While this might be true about some young people, it doesn’t follow that it’s true for all young people – and for that reason the statement is ultimately false. Generalizing statements like this one negate the reality that the world and the people and things in it are highly complex. If your goal is to genuinely try to understand something and make decisions based on that understanding, building your opinion on generalizing statements will only distance you from that goal.

2. False Analogy Fallacy

Internet-assholes just love to use analogies to reinforce their opinions. While analogies can be harmlessly fun – like the analogy I created in this post from a while back – during constructive dialogue they’re only purpose is to confuse the issue and reinforce a flimsy opinion.

For example:
Introducing a basic income for all citizens would be the same as telling people they don’t need to work.

Like generalizations, false analogies are commonly used to reduce a complex issue into something tangible that supports an uninformed opinion. The example above rests on false logic because it assumes that the only reason people work is the promise of a paycheque. While that’s a big reason (perhaps the main reason) there are other reasons people work, like contributing to the common good, a passion for something, a desire to keep busy, etc.

False analogies are easy statements to spot, too, typically starting with “That would be like…” or “That’s no different than…”. But the reality is that one complex thing is never exactly like another complex thing. They might have similarities, sure, but similar does not necessarily mean the same.

3. False Dilemma Fallacy

Also known as black-and-white thinking, or the fallacy of either-or, a false dilemma happens when only two, opposing options are presented, when there are more than two options to be considered. This fallacy is common in asshole discussions about things like religion vs. science, or left-wing politics vs. right-wing.

For example:
I’m against religion because science is a more logical way of understanding the world.

This is flawed logic because it carries the assumption that the world can only be understood either in religious terms, or scientific terms. It neglects at least one other possibility: that a person can understand the world in both scientific and faith-based ways at the same time without internal conflict. From that perspective, the statement has created a false dilemma of choice in a discussion where a choice doesn’t need to be made.

Calling out fallacies of logic and resisting the urge to respond to them is the simplest way to prevent discussions from moving forward supported by that false logic – because they won’t go anywhere that’s useful.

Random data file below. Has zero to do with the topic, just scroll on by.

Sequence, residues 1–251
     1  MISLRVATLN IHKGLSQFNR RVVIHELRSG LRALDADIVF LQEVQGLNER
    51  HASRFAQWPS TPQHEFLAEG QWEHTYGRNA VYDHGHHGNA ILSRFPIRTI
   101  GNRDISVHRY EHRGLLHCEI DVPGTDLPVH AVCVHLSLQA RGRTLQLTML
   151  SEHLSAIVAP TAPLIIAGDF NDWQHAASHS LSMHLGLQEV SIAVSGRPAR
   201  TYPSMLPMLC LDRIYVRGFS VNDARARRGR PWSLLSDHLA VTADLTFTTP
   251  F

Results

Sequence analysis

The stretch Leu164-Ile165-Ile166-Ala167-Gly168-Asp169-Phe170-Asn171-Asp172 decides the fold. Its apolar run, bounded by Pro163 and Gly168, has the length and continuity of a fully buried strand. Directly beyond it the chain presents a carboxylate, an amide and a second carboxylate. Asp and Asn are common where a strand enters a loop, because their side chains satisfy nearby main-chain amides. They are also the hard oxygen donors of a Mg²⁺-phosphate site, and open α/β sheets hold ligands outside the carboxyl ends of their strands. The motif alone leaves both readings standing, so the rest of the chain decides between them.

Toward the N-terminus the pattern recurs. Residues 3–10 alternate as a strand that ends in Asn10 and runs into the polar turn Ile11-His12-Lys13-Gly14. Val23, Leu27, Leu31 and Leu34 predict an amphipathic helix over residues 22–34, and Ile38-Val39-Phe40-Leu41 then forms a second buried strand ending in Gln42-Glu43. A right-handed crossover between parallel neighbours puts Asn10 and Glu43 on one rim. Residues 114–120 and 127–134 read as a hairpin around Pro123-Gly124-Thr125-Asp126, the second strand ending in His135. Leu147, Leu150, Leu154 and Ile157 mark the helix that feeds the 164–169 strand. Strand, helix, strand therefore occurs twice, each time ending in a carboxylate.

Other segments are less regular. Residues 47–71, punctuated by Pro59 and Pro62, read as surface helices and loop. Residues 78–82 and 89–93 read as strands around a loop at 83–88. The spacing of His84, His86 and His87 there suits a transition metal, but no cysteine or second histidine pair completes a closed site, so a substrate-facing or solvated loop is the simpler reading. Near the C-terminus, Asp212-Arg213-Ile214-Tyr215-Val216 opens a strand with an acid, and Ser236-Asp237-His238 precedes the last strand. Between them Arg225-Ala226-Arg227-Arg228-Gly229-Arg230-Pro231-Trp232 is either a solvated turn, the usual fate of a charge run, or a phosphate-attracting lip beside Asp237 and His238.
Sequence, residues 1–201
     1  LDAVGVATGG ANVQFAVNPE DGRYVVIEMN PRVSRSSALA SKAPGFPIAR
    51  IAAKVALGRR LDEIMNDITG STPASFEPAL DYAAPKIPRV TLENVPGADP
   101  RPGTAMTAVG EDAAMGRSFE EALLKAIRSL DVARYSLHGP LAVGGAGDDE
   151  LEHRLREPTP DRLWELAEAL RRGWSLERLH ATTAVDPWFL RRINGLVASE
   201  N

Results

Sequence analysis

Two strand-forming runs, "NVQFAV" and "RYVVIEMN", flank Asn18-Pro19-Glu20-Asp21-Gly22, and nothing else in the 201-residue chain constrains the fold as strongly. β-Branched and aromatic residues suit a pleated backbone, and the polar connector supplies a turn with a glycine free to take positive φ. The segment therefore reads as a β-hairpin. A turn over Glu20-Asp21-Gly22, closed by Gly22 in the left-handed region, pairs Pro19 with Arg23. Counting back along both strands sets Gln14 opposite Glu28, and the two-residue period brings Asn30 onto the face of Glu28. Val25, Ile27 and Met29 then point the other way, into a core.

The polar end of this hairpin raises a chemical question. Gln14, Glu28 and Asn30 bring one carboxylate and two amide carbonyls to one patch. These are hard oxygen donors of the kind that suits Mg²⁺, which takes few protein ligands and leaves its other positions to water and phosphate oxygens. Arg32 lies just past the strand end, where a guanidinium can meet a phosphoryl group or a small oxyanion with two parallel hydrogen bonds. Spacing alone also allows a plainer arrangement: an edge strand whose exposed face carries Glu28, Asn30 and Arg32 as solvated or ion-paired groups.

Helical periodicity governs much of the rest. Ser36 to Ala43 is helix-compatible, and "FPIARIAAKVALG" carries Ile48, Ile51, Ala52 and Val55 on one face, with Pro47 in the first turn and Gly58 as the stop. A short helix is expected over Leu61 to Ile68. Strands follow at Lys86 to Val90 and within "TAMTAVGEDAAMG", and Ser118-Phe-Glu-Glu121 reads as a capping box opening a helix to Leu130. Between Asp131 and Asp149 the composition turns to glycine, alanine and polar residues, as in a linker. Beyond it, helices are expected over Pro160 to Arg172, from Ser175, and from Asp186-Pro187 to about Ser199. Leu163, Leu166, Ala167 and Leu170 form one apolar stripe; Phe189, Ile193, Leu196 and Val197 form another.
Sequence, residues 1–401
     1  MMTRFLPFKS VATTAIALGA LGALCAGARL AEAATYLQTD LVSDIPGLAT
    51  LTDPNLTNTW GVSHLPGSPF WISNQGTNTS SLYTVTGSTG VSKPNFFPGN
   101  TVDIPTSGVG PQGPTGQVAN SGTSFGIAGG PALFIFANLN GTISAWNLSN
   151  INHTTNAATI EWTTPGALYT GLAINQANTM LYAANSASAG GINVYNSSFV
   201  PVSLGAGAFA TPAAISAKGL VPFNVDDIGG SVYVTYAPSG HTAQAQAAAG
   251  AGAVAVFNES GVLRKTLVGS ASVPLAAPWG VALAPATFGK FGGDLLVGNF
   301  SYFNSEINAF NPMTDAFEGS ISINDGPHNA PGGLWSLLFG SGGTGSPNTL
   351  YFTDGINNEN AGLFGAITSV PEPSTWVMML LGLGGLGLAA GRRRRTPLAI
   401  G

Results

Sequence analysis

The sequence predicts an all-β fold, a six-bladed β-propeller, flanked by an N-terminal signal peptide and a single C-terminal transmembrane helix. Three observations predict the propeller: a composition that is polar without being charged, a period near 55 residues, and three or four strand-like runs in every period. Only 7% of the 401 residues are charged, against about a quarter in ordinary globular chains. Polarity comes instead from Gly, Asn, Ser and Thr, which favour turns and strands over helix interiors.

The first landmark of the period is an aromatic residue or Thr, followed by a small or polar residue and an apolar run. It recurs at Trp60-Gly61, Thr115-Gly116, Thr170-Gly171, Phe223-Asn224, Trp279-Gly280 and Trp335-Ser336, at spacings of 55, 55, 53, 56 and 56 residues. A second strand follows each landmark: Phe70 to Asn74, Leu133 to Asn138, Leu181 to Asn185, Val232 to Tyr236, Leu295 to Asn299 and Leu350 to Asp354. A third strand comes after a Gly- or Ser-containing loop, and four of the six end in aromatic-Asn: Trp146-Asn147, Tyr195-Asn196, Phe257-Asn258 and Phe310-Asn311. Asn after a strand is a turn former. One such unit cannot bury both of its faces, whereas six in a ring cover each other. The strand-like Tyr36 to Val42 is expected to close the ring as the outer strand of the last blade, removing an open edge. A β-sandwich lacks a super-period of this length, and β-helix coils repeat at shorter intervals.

If it’s not about dialogue, there’s simply no point.

Like any situation involving people, there are those people who are worthy of your time, and those who are not. The Internet is no different; its anonymity and lack of face-to-face contact are open invitations for the opinionated asshole hiding inside people to come out. While it’s important to be open to discussion, what’s not important is having those discussions with Internet-assholes.

Keep your discussions within the realm of dialogue: that magical form of discussion that invites two or more people together to share ideas, ask each other questions, and leave the discussion having grown a little bit. When you find yourself drawn into an Internet conversation, take a step back and ask yourself:

“Is this really about an exchange of ideas, or are we simply reinforcing our opinions?”

If it’s the former clause, by all means, dialogue away! Open yourself up and be genuinely receptive to the possibility of sharing thoughts, considering what the other person has to say, and maybe even questioning your own beliefs. If it’s the latter, then take it from me: You might as well just flog a dead horse.

Don’t get me wrong, either; it’s not easy. Many of us are confronted on a daily basis by Internet assholery and it takes strength to not fall into the trap of responding to it. Try approaching it as a favour to your self: There is a surplus of negativity out there in the world, and you don’t need it in your life. Let everyone else have their issues, while you focus on what really matters: improving yourself and reserving your passionate energy for the real, live people in your life.

But anyway, that’s just my opinion.